In December 1996, I went in for my yearly physical and a mammogram. A few days later, my doctor called me and, when I heard his voice, I knew something was not right. He said the mammogram had shown some calcifications and they wanted to take another look.
I met with a surgeon who suggested removing the calcifications even though there was a very small chance that they were cancer. In February I had a biopsy. They inserted a needle into my right breast and then did a mammogram to make sure the needle was correctly marking the area to be removed. They had to try a couple of times to get the right spot and I passed out from the anxiety. Finally, they had the needle in the right place and I went into surgery.
Once I was back in my hospital room, the surgeon came in and told me that the needle had slipped and, as a result, he had removed tissue from the wrong area of the breast. He apologized and said he had done over 200 of these operations and the needle had never slipped. He said that, after I had healed for a month, they would repeat the procedure. I was devastated! Everything that could have gone wrong that day had and now I had to endure the surgery again.
Two days later, the surgeon called to tell me that they had found cancer in one of the samples they had taken. If the needle had not slipped, they would not have found the cancer! I had a lumpectomy the next month and there was no cancer in the calcifications. The doctor asked me once what I thought had happened and I told him I knew exactly what happened: "My guardian angel helped you find my cancer, you removed it and I won't have cancer again."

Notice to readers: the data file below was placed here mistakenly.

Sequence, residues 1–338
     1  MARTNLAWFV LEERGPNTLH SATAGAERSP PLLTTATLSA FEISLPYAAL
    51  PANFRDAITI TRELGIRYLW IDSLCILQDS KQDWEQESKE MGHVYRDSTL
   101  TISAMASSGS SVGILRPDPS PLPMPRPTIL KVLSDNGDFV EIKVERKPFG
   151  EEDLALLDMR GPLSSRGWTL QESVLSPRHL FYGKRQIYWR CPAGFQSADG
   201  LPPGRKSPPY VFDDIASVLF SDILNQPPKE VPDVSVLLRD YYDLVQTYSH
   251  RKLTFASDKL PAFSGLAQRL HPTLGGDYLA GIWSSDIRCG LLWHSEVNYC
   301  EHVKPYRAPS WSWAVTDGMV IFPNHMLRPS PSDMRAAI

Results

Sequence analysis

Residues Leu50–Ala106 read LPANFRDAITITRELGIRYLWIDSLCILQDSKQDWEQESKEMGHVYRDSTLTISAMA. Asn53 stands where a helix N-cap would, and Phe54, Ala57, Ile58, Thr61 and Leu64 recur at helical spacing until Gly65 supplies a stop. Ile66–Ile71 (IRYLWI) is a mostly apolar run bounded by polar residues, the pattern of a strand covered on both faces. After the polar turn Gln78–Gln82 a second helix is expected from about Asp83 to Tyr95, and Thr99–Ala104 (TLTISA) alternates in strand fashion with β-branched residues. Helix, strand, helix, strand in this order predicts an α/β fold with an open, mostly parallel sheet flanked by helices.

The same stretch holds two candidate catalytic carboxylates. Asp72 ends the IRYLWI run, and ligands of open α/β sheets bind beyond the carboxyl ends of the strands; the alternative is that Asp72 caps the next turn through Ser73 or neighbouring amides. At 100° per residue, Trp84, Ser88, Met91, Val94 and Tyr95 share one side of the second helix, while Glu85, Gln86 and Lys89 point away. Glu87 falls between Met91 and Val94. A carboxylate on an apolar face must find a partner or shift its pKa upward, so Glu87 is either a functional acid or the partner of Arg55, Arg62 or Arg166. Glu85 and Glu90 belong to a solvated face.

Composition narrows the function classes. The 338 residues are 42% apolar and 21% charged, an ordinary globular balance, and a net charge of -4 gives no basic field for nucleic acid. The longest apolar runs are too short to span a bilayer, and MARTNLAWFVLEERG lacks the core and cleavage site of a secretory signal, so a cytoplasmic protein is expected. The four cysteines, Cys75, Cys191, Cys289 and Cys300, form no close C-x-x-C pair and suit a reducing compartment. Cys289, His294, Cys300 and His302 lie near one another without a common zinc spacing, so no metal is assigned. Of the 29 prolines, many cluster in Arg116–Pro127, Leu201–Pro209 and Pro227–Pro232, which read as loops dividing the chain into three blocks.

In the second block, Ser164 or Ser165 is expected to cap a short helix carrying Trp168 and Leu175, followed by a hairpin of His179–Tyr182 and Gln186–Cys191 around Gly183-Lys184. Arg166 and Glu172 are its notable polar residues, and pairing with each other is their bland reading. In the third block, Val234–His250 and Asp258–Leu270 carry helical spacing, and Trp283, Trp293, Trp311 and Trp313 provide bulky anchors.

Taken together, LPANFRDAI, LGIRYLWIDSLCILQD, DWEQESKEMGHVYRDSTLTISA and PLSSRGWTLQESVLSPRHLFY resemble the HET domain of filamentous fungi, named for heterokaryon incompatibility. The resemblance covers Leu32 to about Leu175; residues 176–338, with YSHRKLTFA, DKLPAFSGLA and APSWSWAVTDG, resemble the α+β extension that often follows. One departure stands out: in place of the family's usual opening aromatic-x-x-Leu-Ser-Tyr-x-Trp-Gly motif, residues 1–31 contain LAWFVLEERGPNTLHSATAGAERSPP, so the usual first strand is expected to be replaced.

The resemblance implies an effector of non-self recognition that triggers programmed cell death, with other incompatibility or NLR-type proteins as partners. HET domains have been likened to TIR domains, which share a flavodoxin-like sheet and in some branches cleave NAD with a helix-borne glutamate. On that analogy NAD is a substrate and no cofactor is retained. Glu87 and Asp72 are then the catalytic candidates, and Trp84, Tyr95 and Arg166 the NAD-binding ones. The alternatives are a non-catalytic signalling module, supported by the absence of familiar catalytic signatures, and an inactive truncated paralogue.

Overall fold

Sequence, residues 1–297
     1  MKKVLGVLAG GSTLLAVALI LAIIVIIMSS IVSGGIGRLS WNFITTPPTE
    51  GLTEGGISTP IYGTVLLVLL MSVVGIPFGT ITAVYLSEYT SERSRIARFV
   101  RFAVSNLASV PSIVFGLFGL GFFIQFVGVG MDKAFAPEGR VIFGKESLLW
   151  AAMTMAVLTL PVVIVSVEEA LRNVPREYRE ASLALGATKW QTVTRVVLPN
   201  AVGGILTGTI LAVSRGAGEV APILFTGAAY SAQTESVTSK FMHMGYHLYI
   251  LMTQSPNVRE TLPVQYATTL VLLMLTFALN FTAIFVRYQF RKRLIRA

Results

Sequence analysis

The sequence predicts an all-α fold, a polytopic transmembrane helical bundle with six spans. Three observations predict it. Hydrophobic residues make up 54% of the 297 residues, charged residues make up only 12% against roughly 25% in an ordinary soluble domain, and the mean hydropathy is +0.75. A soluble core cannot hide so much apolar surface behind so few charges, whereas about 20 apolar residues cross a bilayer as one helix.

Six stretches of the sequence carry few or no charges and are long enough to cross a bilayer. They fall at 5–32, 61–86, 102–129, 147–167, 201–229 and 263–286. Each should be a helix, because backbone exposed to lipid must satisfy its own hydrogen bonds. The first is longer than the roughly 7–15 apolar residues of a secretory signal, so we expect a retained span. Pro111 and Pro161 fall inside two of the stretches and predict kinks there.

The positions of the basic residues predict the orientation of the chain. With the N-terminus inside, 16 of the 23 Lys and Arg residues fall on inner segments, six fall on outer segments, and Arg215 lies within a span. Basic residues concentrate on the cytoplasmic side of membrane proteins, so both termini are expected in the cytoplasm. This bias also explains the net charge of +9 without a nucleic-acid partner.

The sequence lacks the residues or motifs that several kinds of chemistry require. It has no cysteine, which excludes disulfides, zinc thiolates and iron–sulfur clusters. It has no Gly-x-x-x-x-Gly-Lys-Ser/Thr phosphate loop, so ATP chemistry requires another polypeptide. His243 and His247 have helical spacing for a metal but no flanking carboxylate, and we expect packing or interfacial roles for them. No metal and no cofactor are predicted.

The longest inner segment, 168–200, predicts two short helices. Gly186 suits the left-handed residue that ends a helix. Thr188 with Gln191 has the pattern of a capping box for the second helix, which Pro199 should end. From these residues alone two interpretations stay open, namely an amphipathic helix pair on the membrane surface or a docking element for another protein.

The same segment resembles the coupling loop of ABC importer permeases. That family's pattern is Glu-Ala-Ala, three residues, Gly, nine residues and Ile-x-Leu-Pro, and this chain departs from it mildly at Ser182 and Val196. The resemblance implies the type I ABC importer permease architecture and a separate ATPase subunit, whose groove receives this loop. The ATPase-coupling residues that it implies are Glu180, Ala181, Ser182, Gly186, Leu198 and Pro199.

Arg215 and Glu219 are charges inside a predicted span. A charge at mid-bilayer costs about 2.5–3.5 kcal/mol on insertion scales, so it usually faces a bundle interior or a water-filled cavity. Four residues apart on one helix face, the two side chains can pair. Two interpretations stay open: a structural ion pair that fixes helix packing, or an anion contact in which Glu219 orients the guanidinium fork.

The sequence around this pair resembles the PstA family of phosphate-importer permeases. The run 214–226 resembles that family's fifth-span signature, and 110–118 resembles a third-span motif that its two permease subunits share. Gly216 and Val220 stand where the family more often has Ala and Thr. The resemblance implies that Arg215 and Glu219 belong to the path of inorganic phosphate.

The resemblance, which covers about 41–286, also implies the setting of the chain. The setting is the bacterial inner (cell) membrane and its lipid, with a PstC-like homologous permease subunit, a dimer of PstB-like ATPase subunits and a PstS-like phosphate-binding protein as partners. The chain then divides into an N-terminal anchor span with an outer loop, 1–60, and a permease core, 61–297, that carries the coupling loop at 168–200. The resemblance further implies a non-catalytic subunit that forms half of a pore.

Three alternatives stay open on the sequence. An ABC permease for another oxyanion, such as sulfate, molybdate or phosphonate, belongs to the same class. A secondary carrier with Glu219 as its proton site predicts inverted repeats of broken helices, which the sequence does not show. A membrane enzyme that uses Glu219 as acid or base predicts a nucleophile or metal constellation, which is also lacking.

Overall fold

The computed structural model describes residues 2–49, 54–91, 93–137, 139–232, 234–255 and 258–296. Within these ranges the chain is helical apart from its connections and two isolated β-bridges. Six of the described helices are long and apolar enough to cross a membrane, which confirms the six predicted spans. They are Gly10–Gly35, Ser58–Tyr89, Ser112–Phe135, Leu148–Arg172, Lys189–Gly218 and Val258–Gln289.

I have been cancer-free for seven and a half years now. In some ways, having cancer was one of the best things that ever happened to me. I have met so many wonderful people along this journey—women I have been able to help and women I couldn't help—and I'm stronger and healthier than I've ever been. My husband, children and grandson are reminders of all that I cherish and how thankful I am to be here. Sometimes I wonder why I'm still here and why others didn't make it and I thank God every day for blessing my life.
Natalie de la Varre